In August of 1958, the Hollywood Chamber of Commerce unveiled the first eight stars of what would eventually become the Walk of Fame, where major figures in the entertainment industry were to be recognized with plaques inlaid on the sidewalk of Hollywood Boulevard. The parade of stars, made of pink terrazzo and brass, was, in the words of one-time Chamber president E. M. Stuart, a way to “maintain the glory of a community whose name means glamour and excitement in the four corners of the world.” Among the first honorees was the fallen silent film star Olive Borden, a beauty known as the “Joy Girl” who at the height of her career made $1,500 a week, but whose Southern accent and reputation for being “high hatted” made her unfit for the transition to “talkies.” She had died eleven years before the ceremony, at a women’s mission on Skid Row. After the first eight stars were unveiled, construction on the project was stalled for years.
In the lore of Hollywood, decline is more alluring than ascent, failure more spectacular than success. This romantic notion underscores Dennis Feldman’s Hollywood Boulevard: 1969-1972, a collection of thirty-seven black-and-white square-format portraits taken on the Hollywood Walk of Fame when the neighborhood was becoming a symbol more of urban chaos than of movie-star glamour.
The Walk of Fame was both a tourist destination and a neighborhood improvement project intended to bring some pride to an area that was becoming more honky-tonk by the day. Ironically, the birth of the Star Walk precipitated decades of decline on Hollywood Boulevard. Between 1962 and 1968, while a long-term budget and nomination guidelines were being devised, no stars were laid down. Meanwhile, decentralization was bringing change to the neighborhood. Most of the major film studios had already decamped from Hollywood to the San Fernando Valley. The movie palaces, hotels, and high-end stores that had once lured visitors with the promise of rubbing elbows with movie stars were now leaving the area too, replaced with bars and porno theaters. By the time Feldman started wandering around with his Rolleiflex camera, the boulevard was home to a flourishing sex and drug trade. Cropping up nearby were massage parlors and adult businesses with names like Mother’s Fun Palace, the Institute of Oral Love, and the House of Seven Erotic Gables. Even the HOLLYWOOD sign was rusted and crumbling. (Before it was finally refurbished in 1978, it would lose one and a half “O”s and read: “HuLLYWOD.”)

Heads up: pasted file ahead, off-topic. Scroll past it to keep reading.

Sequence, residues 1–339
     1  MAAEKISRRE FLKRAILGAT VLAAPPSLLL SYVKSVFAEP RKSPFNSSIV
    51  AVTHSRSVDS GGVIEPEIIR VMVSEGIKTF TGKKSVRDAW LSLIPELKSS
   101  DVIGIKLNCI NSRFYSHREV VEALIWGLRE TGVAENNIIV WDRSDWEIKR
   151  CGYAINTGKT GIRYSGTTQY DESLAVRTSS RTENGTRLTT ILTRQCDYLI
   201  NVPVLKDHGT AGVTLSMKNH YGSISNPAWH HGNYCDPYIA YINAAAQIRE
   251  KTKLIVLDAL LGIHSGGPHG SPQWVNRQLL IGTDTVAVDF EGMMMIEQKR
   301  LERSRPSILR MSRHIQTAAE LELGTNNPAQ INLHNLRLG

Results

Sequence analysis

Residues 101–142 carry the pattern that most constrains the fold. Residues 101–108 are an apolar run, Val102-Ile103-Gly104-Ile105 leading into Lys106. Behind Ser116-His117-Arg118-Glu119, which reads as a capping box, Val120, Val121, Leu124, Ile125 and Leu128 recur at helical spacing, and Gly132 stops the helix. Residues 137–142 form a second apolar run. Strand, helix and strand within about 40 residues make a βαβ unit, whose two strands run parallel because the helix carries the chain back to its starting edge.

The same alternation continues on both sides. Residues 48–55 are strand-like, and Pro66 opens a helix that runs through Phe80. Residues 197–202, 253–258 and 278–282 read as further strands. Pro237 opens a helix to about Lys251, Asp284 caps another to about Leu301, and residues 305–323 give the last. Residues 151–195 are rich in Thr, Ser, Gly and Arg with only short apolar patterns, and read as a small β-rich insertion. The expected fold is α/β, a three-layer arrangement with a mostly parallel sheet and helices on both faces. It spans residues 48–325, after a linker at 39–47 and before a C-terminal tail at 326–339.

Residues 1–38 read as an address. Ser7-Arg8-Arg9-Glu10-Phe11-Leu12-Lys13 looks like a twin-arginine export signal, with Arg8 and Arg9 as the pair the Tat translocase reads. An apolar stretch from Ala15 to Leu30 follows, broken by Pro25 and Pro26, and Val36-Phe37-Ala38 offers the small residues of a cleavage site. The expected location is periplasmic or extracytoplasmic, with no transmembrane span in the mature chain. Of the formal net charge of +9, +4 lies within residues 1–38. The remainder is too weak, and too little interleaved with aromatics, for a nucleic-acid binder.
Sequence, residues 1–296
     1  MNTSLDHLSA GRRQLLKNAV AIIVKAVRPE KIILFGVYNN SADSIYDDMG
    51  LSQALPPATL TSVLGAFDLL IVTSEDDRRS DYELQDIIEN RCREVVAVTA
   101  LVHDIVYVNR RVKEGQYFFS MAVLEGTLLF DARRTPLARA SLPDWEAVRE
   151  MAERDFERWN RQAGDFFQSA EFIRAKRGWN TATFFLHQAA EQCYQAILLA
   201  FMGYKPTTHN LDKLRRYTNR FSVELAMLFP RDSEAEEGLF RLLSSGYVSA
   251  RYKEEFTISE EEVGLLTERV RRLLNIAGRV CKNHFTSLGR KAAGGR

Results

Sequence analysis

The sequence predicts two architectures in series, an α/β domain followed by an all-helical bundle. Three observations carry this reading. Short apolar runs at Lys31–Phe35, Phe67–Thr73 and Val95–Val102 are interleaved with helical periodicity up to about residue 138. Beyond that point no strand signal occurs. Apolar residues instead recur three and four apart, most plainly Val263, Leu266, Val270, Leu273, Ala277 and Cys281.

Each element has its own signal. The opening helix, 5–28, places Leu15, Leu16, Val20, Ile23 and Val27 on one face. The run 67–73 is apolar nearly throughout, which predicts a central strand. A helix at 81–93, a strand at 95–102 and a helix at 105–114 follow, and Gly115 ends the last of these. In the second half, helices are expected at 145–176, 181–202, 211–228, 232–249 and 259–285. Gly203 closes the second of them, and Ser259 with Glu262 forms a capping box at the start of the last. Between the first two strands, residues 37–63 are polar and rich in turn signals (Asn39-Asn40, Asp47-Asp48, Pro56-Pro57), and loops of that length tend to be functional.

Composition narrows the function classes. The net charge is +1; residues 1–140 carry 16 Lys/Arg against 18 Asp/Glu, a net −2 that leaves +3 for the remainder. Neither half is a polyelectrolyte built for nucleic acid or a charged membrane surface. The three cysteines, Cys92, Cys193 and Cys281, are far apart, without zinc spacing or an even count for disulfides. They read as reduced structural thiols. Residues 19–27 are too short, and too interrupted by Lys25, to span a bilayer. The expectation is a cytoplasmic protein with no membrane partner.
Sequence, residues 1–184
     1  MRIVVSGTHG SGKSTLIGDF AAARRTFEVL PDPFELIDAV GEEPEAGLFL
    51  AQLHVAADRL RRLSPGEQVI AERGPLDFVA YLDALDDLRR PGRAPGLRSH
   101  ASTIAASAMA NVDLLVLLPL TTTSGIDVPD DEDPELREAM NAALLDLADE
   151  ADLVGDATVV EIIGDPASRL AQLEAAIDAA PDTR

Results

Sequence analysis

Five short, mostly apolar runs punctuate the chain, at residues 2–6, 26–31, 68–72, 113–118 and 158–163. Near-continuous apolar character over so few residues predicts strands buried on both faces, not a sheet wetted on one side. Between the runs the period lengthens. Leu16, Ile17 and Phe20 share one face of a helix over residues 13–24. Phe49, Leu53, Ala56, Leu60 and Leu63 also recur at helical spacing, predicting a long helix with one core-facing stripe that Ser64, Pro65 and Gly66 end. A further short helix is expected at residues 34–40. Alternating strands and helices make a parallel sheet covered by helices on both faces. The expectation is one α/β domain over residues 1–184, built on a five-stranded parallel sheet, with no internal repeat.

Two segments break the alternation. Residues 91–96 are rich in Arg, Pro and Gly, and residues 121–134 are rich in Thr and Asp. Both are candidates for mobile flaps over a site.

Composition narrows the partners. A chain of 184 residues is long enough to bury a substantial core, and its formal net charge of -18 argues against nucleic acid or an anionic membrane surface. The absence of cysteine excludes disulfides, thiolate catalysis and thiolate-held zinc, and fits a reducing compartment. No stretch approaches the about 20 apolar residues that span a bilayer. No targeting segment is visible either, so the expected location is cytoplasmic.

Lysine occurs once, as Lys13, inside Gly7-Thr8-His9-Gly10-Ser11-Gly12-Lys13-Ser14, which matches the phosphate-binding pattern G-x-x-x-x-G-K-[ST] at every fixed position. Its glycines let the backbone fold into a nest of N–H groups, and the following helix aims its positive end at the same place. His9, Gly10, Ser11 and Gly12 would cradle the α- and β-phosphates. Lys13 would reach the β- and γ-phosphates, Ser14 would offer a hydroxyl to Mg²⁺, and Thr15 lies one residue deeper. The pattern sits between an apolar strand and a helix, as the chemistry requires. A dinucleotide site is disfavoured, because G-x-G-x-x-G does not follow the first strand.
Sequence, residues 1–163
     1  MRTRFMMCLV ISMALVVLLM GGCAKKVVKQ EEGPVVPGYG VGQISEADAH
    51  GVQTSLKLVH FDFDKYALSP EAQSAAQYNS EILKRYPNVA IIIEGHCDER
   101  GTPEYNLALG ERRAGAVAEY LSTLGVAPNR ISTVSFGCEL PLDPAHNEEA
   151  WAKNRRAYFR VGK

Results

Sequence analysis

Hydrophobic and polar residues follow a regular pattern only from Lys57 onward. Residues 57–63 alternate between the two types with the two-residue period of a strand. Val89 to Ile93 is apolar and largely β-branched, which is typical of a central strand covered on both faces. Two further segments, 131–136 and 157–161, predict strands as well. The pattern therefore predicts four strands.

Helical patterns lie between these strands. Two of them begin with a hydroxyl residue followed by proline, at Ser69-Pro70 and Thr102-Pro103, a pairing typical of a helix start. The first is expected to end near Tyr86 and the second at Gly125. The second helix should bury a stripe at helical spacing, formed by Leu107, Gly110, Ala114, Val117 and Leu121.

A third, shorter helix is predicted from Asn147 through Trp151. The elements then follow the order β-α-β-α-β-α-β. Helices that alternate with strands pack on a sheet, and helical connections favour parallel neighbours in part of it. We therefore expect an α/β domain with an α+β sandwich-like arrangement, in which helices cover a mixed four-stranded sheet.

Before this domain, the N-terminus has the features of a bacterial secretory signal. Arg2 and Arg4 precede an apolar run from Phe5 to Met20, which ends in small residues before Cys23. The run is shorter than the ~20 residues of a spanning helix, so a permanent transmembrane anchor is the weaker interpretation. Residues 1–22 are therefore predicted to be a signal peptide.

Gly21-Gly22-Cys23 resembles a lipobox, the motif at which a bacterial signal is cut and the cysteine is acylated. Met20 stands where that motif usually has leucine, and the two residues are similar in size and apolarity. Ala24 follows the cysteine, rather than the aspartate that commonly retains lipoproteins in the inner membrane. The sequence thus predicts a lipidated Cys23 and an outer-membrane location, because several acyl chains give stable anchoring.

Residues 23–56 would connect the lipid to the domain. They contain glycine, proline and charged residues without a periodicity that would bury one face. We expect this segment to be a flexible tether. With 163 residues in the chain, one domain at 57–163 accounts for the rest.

In his straightforward, taxonomic portraits of people idling alone or in pairs on the boulevard, Feldman captures more intimate signs of disarray. The lumpy outline of a lace bra seen through a woman’s sweater. Creases on the chest and belly from where a man’s tank top – probably fresh from a three-pack – was folded; a dimple from where it was pulled into a square. Most of the people in this book are just a little too rumpled or too hardened or too asymmetrical to be Hollywood handsome. A weak chin, sunken cheeks, a small head on a big neck. Even teenage girls have puffy eyes, suggesting allergies or a long night.
In 1968, the silent-era sex symbol Ramon Novarro was murdered by two hustlers he’d called to his home in Laurel Canyon. A year later, the Manson girls killed Sharon Tate. The threat of “shady characters” on street corners is often overstated, but a few of the portraits in Hollywood Boulevard really do make it seem like a menace was in the air. A gaunt man with a swastika tattooed on his forehead stands with a barrel-chested greaser who looks like he just walked off the set of Scorpio Rising. A woman with a flat-ironed Brigitte Bardot hairdo wears a suede jacket, a baggy cardigan, and peeking out from underneath, a T-shirt printed with the words: L.A. COUNTY JAIL. A shirtless man covered in knife scars and tattoos even has blood in his hairline.